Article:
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The Cure For All Care

Tune--"_Prepare, my dear brethren, to the tavern_ _let's fly._"

[Tarbolton Lodge, of which the poet was a member, was noted for its
socialities. Masonic lyrics are all of a dark and mystic order; and
those of Burns are scarcely an exception.]


No churchman am I for to rail and to write,
No statesman nor soldier to plot or to fight,
No sly man of business, contriving to snare--
For a big-bellied bottle's the whole of my care.


The peer I don't envy, I give him his bow;
I scorn not the peasant, tho' ever so low;
But a club of good fellows, like those that are here,
And a bottle like this, are my glory and care.


Here passes the squire on his brother--his horse;
There centum per centum, the cit with his purse;
But see you The Crown, how it waves in the air!
There a big-bellied bottle still eases my care.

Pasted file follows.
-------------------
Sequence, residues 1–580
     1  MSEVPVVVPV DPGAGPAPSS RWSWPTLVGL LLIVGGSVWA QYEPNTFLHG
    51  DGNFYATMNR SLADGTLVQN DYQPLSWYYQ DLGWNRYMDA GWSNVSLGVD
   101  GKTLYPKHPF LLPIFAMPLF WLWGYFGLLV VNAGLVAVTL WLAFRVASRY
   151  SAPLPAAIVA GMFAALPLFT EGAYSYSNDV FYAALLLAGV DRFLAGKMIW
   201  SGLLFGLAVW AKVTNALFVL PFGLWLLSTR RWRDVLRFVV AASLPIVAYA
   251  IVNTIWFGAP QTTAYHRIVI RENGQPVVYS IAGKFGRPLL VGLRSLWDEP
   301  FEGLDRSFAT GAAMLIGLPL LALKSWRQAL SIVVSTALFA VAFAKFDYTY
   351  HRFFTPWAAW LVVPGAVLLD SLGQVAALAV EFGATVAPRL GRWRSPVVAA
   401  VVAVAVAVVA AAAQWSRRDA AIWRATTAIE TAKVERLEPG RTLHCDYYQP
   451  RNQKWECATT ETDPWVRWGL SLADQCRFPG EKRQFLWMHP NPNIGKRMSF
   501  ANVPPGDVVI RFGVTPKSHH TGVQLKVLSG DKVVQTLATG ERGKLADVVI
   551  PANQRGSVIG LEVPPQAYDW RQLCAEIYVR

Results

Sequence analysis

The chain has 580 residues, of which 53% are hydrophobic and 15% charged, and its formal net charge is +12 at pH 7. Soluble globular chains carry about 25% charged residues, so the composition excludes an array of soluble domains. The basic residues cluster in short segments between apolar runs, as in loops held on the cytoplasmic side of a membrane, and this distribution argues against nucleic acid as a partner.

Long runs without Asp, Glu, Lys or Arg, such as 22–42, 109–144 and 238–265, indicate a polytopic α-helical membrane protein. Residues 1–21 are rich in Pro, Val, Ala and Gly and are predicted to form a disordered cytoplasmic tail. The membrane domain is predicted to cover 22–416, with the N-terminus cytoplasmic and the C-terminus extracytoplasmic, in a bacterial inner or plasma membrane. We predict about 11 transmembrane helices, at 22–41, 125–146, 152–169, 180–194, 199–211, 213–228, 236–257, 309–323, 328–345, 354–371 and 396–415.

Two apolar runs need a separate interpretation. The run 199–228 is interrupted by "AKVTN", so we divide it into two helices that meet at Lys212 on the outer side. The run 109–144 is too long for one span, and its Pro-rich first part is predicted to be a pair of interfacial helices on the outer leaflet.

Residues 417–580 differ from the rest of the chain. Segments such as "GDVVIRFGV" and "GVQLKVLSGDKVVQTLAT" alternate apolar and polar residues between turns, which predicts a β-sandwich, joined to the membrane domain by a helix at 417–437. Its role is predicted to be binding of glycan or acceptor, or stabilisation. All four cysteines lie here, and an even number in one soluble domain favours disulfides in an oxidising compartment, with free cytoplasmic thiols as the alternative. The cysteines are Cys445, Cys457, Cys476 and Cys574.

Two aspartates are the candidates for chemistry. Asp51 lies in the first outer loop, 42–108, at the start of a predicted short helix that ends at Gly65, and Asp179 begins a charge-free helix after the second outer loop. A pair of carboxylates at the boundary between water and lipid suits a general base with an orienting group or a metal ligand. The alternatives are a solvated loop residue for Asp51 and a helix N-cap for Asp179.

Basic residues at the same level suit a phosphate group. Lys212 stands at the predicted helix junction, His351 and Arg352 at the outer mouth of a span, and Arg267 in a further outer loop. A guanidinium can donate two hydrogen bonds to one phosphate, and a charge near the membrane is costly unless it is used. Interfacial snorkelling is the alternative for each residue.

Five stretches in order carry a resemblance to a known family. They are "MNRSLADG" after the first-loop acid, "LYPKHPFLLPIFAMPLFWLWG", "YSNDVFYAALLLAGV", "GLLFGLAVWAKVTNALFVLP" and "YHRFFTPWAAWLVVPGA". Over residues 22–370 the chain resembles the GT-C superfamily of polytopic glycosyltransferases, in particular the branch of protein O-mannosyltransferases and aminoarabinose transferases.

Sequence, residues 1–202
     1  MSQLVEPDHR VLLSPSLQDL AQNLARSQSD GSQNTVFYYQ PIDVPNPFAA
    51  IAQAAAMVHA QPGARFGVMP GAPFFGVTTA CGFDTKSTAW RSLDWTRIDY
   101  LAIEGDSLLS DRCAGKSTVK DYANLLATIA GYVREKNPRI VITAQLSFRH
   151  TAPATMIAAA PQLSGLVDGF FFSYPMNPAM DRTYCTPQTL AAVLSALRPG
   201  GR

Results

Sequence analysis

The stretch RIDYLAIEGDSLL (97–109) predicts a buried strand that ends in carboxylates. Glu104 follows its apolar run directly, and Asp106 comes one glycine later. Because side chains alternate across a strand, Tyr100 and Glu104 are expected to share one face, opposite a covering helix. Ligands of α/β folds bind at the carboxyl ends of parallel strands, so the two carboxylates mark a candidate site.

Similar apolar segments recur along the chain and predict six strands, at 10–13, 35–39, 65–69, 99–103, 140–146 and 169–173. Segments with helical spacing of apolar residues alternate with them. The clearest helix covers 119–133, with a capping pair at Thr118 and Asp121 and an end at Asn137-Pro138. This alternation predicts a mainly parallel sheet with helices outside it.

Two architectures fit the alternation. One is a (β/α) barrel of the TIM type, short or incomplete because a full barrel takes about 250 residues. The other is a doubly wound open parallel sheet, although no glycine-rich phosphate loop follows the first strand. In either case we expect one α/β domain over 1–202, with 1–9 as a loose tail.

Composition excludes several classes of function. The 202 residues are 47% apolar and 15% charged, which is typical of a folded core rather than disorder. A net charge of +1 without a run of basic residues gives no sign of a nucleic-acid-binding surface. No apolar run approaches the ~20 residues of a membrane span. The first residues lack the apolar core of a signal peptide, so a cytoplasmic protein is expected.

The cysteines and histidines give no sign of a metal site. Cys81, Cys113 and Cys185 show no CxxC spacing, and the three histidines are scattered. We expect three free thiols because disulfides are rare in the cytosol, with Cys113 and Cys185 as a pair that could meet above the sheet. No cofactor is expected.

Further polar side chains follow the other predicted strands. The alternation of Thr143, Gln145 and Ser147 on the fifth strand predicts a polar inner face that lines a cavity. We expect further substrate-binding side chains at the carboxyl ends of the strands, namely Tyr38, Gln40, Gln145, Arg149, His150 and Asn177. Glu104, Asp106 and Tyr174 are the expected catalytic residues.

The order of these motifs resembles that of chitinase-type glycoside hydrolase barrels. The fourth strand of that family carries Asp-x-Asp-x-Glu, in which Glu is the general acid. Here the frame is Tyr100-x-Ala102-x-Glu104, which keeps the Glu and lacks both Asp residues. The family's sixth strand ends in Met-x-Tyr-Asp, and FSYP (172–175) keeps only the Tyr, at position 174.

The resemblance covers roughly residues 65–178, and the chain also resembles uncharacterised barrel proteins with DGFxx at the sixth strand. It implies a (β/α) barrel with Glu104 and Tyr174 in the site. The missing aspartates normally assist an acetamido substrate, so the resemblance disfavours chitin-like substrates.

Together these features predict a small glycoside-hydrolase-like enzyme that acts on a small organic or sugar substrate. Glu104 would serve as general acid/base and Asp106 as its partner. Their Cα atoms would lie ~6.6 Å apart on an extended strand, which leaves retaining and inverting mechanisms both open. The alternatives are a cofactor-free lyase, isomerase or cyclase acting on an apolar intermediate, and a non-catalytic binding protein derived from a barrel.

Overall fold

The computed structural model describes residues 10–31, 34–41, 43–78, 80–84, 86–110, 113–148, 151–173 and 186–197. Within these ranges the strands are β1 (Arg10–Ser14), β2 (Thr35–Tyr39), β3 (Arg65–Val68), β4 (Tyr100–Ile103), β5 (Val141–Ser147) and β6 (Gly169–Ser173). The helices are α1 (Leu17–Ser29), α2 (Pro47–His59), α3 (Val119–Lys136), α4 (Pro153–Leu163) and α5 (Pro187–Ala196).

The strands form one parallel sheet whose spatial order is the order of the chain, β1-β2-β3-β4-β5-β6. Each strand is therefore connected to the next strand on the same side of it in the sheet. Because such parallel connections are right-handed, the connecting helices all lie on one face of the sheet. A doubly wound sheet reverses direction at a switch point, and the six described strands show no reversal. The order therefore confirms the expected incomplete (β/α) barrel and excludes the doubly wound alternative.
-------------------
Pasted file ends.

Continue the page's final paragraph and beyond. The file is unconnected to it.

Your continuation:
The wife of my bosom, alas! she did die;
For sweet consolation to church I did fly;
I found that old Solomon proved it fair,
That a big-bellied bottle's a cure for all care.


I once was persuaded a venture to make;
A letter inform'd me that all was to wreck;--
But the pursy old landlord just waddled up stairs,
With a glorious bottle that ended my cares.


"Life's cares they are comforts,"[136]--a maxim laid down
By the bard, what d'ye call him, that wore the black gown;
And faith I agree with th' old prig to a hair;
For a big-bellied bottle's a heav'n of care.



Then fill up a bumper and make it o'erflow.
The honours masonic prepare for to throw;
May every true brother of the compass and square
Have a big-bellied bottle when harass'd with care!


[Footnote 136: Young's Night Thoughts.]

Robert Burns